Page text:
No. 96-2106.Supreme Court of Iowa.
September 17, 1997.
APPEAL FROM DISTRICT COURT, DUBUQUE COUNTY, JANE C. MYLREA, J.
Thomas J. Straka of Law Office of Robert L. Day, Jr., Dubuque, for appellant.
G.T. Reilly of Kintzinger Law Office, P.L.C., Dubuque, for appellee father.
Considered by HARRIS, P.J., and CARTER, ANDREASEN, TERNUS, and SCHULTZ,[*] JJ.
M.B., the natural mother of children, A.B. and N.B., who were adjudged to be children in need of assistance in an Iowa district court juvenile proceeding, appeals from a judgment recognizing the orders of a Texas court as a basis for not compelling the return of the children to her custody in Iowa following their visitation with their natural father, T.B., in the state of Texas. The mother contends that the Texas court was without jurisdiction. Because we agree with that contention, we reverse the judgment of the juvenile court and remand the case to that court for further proceedings consistent with this opinion.
M.B. and T.B. separated in 1988, and their marriage was dissolved by an Alabama court in 1989. That court made no determination concerning child custody. The children involved, ages ten and eight at the time of the CINA adjudication, have, prior to August of
1996, lived with their mother in Wisconsin and Iowa since 1988. These children were adjudicated in need of assistance in July of 1996, and their temporary custody was placed in their mother, subject to continuing supervision of the Iowa Department of Human Services. The same order granting temporary custody to their mother who resided in Dubuque, Iowa, authorized summer visitation with their father in the state of Texas.
When the children arrived in Texas for visitation with their father in August of 1996, he acted almost immediately to obtain an ex parte order from the District Court of Bexar County, Texas, granting him temporary custody of the children and enjoining the mother from removing them from the state of Texas. At a subsequent hearing, of which the mother had notice but did not attend, the provisions of the ex parte order were confirmed by the Texas court.
Acting on the request of the state of Iowa, the Iowa juvenile court issued a rule to show cause to be served on the father, requiring him to give reason why he should not be found in contempt for not returning the children to their mother in Iowa at the conclusion of the summer visitation authorized by the Iowa juvenile court. The father appeared through counsel at the show-cause hearing. After hearing the evidence presented, the Iowa juvenile court concluded that the Texas court had jurisdiction to enter the orders granting custody of the children to the father and, consequently, declined to find T.B. in contempt. The Iowa juvenile court also declined to order the return of the children to this state for continuing juvenile court involvement. Instead, the court dismissed the pending CINA proceeding as moot.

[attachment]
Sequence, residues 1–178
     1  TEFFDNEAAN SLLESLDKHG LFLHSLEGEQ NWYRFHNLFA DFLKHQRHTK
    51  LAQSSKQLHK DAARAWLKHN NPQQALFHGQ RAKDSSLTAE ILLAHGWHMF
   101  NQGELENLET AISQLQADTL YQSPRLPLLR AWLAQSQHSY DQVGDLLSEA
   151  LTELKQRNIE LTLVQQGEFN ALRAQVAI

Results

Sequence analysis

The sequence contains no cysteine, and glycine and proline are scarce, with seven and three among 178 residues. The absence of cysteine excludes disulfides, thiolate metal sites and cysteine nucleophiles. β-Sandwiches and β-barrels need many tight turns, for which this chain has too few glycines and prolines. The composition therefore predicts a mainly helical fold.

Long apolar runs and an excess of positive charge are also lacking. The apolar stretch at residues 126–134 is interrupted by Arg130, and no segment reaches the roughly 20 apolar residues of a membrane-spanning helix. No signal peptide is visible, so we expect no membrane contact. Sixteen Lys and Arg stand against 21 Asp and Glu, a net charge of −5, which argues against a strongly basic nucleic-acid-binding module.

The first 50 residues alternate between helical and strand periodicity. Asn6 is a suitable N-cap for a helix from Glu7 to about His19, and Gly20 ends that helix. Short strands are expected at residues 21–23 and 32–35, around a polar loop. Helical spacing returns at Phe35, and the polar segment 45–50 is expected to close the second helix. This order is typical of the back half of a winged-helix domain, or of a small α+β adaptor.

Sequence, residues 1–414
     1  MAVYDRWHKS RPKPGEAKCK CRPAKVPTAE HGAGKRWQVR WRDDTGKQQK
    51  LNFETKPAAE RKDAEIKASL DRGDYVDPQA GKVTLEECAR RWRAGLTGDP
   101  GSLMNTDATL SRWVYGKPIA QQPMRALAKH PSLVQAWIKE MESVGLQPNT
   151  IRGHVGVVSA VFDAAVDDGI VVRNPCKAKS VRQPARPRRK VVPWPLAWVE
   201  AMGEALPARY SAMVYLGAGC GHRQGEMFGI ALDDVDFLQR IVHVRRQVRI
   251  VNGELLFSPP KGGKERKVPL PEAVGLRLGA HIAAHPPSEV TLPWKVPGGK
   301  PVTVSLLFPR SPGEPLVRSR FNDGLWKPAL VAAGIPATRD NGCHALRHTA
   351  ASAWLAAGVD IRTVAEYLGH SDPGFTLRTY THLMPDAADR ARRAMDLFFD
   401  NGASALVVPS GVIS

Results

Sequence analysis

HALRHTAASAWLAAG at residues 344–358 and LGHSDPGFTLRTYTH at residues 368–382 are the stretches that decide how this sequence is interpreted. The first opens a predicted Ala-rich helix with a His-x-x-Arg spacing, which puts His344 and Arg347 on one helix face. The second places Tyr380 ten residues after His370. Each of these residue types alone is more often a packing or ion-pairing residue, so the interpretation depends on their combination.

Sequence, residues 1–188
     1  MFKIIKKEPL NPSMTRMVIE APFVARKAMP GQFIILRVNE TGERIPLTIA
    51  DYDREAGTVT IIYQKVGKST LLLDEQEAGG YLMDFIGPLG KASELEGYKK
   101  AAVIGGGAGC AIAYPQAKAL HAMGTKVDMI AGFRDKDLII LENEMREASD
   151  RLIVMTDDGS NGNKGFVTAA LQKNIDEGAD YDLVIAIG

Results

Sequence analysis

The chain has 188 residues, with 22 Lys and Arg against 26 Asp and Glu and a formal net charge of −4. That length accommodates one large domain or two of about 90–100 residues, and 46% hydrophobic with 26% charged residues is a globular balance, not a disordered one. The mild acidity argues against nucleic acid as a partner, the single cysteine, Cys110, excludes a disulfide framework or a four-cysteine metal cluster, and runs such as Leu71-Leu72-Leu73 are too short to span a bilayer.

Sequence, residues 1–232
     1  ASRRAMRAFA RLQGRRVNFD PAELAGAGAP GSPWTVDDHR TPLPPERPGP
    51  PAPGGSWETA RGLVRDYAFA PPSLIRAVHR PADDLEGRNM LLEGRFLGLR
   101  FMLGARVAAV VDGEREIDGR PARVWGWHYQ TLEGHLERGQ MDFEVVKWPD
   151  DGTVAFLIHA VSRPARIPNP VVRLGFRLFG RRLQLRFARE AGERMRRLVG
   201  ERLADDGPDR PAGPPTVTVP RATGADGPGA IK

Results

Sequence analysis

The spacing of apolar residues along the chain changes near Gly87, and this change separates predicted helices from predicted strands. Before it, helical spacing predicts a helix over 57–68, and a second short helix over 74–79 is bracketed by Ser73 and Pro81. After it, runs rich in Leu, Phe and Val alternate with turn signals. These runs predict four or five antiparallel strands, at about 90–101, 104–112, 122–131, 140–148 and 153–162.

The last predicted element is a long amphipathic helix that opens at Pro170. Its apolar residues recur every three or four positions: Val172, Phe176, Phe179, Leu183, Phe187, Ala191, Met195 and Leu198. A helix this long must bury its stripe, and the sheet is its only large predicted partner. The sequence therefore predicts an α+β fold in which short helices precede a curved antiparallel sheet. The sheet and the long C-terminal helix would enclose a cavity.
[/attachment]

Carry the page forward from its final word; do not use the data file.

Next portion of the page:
The same order granting the mother temporary custody subject to continuing juvenile court CINA involvement and granting the father visitation provided:
The court authorizes concurrent jurisdiction pursuant to Iowa Code Section 232.3 for purpose of the parties litigating the issues of custody and visitation.
The statute referred to by the court provides:
1. During the pendency of an action under this chapter, a party to the action is estopped from litigating concurrently the custody, guardianship, or placement of a child who is the subject of the action, in a court other than the juvenile court. . ..
2. The juvenile court with jurisdiction of the pending action under this chapter, however, may, upon the request of a party to the action or on its own motion, authorize the party to litigate concurrently in another court a specific issue relating to the custody, guardianship, or placement of the child who is the subject of the action.
Iowa Code § 232.3 (1995).
In ruling on the issues presented by the rule to show cause, the juvenile court stated:
[P]ursuant to [this court’s] order of July 25th, 1996, authorization . . . was given pursuant to Iowa Code section 232.3 for concurrent jurisdiction for purpose of the parties litigating the issues of custody and visitation. . . . Although it was certainly contrary to the tenor of the court’s order for the father to fail to return the children from their summer visit from the State of Texas, the mother was given the opportunity to respond to proceedings in the State of Texas during the month of August on [the father’s] application for temporary orders and she neglected to respond personally or by representation after having been served with said papers. Although the court is aware of the mother’s financial constraints, she had legal rights and responsibilities to respond to said action in the State of Texas if she objected to their taking jurisdiction and the temporary orders, and she failed to do so and thereby waived her right to come before this court at this time and contest the jurisdictional issues. The State of Texas did accept jurisdiction over the children, and as the State of Texas is not their home state, the court only assumes that it was a “best interest” standard that was utilized.